Women are most likely to experience violence from their intimate partners when they are young — and when they are pregnant.
Exposure to violence during that critical time is associated with a variety of negative outcomes for both mother and infant, and there is a lack of effective, evidence-based interventions to support them.
Miller-Graff, along with co-principal investigator Kathryn Howell of the University of Memphis, has been awarded $2.5 million from the National Institutes of Health to launch and evaluate an intervention program for pregnant women.
The project team also includes Notre Dame faculty members E. Mark Cummings, the William J. Shaw Center for Children and Families Professor of Psychology; Julie Braungart-Rieker, the Mary Hesburgh Flaherty and James F. Flaherty III Collegiate Chair and Professor of Psychology; and Lijuan “Peggy” Wang, an associate professor of psychology.
“We are, of course, thrilled to receive this funding,” Miller-Graff said. “We’ve spent years doing the basic research and collecting pilot data that inform the current research program, so it’s wonderful to see it all come together. We’re also glad to be able to continue providing this resource for women in our community.”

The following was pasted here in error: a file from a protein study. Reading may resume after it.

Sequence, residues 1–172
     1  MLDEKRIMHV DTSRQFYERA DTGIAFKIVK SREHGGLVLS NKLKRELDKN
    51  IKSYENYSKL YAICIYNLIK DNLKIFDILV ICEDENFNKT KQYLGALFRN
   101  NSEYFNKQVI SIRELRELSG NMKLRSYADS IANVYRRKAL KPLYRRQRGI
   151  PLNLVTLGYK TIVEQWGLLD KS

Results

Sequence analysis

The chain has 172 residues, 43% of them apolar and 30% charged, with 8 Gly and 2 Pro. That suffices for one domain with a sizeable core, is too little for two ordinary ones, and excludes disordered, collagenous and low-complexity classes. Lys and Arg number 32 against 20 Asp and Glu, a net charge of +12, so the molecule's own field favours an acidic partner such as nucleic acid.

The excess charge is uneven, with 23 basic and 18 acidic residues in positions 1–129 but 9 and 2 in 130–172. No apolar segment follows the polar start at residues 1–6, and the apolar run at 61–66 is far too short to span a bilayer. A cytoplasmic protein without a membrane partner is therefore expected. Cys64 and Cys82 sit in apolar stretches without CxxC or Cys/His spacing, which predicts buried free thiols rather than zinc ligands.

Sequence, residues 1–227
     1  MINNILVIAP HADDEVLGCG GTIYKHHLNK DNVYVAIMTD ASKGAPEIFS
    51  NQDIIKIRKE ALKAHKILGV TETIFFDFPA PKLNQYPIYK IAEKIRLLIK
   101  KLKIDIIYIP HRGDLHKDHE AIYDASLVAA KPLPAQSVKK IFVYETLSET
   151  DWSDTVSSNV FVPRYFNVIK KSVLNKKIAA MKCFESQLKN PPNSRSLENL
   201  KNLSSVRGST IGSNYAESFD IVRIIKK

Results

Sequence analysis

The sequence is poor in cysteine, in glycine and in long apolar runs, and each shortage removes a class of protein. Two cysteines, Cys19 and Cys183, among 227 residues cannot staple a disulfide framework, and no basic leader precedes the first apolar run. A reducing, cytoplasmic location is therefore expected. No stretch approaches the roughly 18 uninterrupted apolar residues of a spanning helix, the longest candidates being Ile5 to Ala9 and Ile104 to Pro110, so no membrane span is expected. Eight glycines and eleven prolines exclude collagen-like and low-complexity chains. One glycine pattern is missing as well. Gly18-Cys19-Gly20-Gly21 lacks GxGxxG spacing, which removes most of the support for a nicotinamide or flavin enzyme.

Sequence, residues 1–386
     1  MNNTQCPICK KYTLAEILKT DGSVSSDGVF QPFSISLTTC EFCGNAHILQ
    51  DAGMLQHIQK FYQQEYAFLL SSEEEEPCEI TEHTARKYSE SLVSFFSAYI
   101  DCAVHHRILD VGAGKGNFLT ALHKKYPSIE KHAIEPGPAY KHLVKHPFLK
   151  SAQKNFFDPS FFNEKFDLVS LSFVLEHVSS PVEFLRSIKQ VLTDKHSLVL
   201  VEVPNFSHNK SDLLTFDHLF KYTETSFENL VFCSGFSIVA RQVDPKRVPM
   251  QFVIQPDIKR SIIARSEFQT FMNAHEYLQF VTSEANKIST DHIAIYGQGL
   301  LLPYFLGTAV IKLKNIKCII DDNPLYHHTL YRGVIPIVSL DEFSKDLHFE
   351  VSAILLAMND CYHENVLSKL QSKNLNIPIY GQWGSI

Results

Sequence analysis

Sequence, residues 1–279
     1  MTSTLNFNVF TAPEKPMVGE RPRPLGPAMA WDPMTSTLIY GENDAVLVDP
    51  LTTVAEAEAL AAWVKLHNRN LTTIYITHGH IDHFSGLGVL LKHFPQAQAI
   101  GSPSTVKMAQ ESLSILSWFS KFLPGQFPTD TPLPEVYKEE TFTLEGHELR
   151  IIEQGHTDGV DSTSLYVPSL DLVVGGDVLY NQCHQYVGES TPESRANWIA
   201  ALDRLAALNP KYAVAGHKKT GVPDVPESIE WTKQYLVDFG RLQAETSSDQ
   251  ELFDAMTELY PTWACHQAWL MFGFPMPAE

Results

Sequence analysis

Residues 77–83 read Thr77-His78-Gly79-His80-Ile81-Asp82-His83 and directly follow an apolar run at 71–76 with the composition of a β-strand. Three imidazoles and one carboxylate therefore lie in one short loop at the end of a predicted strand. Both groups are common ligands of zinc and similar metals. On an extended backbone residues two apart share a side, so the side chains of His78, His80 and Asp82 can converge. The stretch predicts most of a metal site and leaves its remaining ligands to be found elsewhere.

The team piloted the group therapy program for pregnant women in South Bend and Memphis, with promising results. The grant from the NIH’s Eunice Kennedy Shriver National Institute of Child Health and Human Development will allow them to complete a randomized, controlled trial involving more than 200 women in a project titled “Intervening During the Prenatal Period with Women Exposed to Intimate Partner Violence to Improve Maternal Functioning and Infant Adjustment.”
“We’re excited to test the program in the context of a larger, multi-site trial,” said Miller-Graff, who is also a faculty fellow in the Institute for Educational Initiatives and the Kellogg Institute for International Studies. “If the research supports its effectiveness, we hope that it will be a cost-effective and scalable support for pregnant women.”
The team is also working to adapt the program for use in Peru and Mexico, with support from the Kellogg Institute’s Ford Program for Human Development Studies and Solidarity and Notre Dame International, respectively.
Miller-Graff, a Notre Dame alumna, began researching violence exposure and its profound effects on development as a graduate student at the University of Michigan.
After joining the Notre Dame faculty in 2013, she has focused her research on how to prevent children’s exposure to partner violence, with the support of the University’s William J. Shaw Center for Children and Families.
“Violence is an offense against the whole person, the whole family, and our response to it should also be holistic,” she said. “The core of our program focuses on promoting safety, healthy coping and strong positive relationships, but we approach it from a framework that realizes women’s access to these things is intimately connected to a host of other cultural, community and economic resources that inhibit or promote family well-being.”
Originally published by al.nd.edu on Sept. 16.at